Multiplies the value of the algorithm by an Amount and adds an Offset to it, before it is mapped to the color gradient. Not all blend rules make use of these settings.
Blend Rule

Determines how the color of the previous algorithm is combined with the color of the current one.

  1. Blend: Blend both colors in a ratio set by the Amount slider.

  2. Brightness: Modulate the brightness of the previous color, using the Amount and Offset sliders.

  3. Saturation: Modulate the saturation of the previous color, using the Amount and Offset sliders.

  4. Hue: Modulate the color hue of the previous color, using the Amount and Offset sliders.

  5. Replace: Replace the previous color with the current, unless it is undefined.

Fixed Reference

Defines a particular chord as the permanent input to the coloring scheme. That is, the coloring stays put and won't follow the chords being clicked. Select the desired chord in the palette before you open the dialog and enable this setting.

Tip: Fixed Reference is a way to permanently freeze a coloring you happen to find useful.

Coloring Algorithms

The Coloring menu can be used to enable or disable any of the built-in coloring algorithms, all of which are listed below.

Static Coloring

These coloring algorithms provide useful background shading for orientation and don't update with a new chord.

Type: Suspended
Highlights suspended chords with shades of green.
Type: Dominant
Highlights dominant chords with shades of red.
Type: Major
Highlights major chords with shades of yellow.
Type: Minor
Highlights minor chords with shades of blue.
Type: Other
Highlights other chord types with shades of cyan.
Highlights chords with a strong functional significance. Primary functions Tonic, Sub-dominant, and Dominant are considered strong. Secondary functions appear dimmed. Chords lacking a clear function remain dark. This scheme provides orientation, especially in Alternative Palettes with an unfamiliar structure.
Indicates the grade of relationship a chord has to the Scale Set of the palette. The brighter a chord, the closer its relationship to the reference scale.
Scale Membership
Each scale of the Scale Set is associated with a color. A chord shows up in a color only if it can be built exclusively from the notes of the associated scale (and no notes from other scales). This highlights all chords that may best emphasize the characteristics of a particular scale.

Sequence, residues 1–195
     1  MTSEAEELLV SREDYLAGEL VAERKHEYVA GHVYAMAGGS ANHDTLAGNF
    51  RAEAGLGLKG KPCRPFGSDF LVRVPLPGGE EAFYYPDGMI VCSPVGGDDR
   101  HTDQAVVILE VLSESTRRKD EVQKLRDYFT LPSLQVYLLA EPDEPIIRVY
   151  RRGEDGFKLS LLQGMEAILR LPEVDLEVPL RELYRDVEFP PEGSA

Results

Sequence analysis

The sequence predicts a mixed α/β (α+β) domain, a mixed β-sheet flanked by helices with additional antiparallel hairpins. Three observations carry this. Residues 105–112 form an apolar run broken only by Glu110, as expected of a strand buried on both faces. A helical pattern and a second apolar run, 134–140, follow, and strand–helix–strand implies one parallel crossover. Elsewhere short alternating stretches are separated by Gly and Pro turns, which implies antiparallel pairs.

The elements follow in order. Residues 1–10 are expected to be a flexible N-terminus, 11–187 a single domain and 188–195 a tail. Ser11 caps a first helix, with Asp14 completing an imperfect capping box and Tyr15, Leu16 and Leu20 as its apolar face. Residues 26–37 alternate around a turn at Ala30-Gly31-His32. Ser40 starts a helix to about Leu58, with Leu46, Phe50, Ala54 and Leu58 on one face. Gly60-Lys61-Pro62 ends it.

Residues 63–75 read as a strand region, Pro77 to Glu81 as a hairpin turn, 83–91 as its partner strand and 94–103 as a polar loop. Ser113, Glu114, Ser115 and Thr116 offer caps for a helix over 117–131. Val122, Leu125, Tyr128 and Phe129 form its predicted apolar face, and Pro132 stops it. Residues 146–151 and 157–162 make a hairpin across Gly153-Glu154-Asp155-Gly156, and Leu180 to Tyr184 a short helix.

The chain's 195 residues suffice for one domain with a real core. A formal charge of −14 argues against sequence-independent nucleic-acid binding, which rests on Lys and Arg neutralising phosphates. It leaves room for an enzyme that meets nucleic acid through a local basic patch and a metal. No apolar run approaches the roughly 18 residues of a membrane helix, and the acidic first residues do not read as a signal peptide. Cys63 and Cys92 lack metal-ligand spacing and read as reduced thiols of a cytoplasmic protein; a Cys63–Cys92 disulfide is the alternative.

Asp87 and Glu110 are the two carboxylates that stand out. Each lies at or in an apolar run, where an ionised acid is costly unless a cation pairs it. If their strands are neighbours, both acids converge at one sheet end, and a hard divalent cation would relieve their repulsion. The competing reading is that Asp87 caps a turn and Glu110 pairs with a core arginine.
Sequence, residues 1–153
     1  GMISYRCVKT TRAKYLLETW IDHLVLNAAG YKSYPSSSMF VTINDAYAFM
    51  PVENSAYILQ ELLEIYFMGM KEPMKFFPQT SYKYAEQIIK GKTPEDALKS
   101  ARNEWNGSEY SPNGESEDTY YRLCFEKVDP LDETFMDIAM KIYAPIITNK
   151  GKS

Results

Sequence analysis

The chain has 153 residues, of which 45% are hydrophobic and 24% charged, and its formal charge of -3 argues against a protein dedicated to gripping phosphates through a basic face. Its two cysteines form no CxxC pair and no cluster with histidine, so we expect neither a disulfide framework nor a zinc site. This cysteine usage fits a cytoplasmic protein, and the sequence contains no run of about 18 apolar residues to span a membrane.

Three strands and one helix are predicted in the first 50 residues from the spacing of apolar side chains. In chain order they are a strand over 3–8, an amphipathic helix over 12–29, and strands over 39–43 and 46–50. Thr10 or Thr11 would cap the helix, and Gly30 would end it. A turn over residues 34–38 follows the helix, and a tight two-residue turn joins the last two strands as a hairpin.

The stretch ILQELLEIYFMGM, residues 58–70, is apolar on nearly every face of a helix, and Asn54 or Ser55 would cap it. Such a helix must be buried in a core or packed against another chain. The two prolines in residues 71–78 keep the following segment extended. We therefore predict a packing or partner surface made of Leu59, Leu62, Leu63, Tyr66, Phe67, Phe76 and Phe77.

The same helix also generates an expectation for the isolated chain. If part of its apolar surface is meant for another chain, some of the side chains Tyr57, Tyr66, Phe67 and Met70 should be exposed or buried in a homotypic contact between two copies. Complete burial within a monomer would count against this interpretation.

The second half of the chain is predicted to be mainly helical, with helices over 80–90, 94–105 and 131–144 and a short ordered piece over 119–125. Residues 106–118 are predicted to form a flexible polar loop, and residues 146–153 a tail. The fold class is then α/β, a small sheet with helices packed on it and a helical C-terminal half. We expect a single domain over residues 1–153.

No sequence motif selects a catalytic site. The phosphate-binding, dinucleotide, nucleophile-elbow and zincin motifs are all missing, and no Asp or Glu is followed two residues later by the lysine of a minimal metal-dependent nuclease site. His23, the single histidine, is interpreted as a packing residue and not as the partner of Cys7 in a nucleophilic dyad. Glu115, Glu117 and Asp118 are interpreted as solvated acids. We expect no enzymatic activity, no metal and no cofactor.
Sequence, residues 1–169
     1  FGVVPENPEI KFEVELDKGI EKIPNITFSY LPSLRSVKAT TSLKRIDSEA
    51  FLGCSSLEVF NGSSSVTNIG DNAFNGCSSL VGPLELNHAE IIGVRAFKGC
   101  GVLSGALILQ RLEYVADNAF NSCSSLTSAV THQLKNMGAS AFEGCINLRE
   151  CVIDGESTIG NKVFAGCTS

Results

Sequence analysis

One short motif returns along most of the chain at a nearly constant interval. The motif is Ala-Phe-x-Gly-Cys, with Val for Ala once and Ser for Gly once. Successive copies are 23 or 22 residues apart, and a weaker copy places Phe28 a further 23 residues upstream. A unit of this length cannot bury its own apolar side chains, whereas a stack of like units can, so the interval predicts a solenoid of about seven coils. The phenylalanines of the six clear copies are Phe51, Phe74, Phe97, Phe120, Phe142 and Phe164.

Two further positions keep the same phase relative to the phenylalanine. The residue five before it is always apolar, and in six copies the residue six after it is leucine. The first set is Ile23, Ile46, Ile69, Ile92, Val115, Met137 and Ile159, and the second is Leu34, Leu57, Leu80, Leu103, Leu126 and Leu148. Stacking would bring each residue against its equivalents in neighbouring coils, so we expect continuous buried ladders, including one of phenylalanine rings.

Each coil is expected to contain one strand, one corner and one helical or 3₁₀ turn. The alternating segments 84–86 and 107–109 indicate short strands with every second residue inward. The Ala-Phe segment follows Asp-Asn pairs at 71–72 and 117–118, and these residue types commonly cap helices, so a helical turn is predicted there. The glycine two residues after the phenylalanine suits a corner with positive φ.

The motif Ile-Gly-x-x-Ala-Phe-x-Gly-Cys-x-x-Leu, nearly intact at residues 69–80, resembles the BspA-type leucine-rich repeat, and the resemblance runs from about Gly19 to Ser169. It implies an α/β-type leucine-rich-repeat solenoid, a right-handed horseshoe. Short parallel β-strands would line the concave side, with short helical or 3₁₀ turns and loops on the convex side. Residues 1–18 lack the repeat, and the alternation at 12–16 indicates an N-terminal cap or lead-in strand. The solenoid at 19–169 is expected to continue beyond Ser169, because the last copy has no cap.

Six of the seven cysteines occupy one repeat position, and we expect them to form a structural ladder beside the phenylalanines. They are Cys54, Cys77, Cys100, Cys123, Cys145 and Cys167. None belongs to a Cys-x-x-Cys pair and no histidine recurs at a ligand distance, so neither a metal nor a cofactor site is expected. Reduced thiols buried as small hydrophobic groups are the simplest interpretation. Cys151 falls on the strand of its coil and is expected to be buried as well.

Dynamic Coloring

These coloring algorithms highlight some relationship with the chord currently playing.

Highlights all simple triads that are completely contained in the currently played chord. You can play these triads as simplified substitutes for the current chord, or achieve polytonality by letting multiple instruments each play a different sub-triad using the Layer parameter.
Highlights all chords that are completely contained in the chord currently being played. This allows you to find several smaller chords that would make up the current chord if played together.
Highlights all chords that contain the current chord in full. This allows you to find more complex chords that are suitable as an extension to the current chord.
Highlight appears brighter the more notes a chord has in common with the currently playing chord. If you click along a path of brighter chords, the sound will only change gradually. Conversely, you can achieve a stronger contrast by following a path along darker chords.
Highlights chords whose harmonic function is closer to the function of the currently playing chord.
Highlights chords that, when played next, introduce a strong change from the currently playing chord. A short distance in the circle of fifths is considered strong. Longer distances are considered weaker. For example, you could follow the bright path for a chorus and the dark path for a verse.
Highlights chords that are more likely to follow the currently playing chord according to a statistic derived from thousands of songs. The previous two chords are taken into consideration.
Highlights the recently visited chords as a slowly fading trail of green color to help you remember what you were playing.
Chords related to the current chord are highlighted according to the Tonnetz (Tone Network) theory. Neighbors S, N, L, R, P each show a distinct color. Learn more about the Tonnetz on Wikipedia.

Saving Presets For Layouts

You can save a layout as a preset with Layout > Preset > Save As .... Presets you saved to the folder Layouts in the Configuration Folder will appear in the preset menu.

Saving Presets For Coloring Schemes

Save a coloring scheme as a preset with Coloring > Preset > Save As .... Presets you saved to the folder Colorings in the Configuration Folder will appear in the preset menu.

Tip: You can save the current layout and coloring scheme in combination as the system default with Palette > Default Filter and Coloring > Save. This command is available only on the File menu of a standalone palette editor.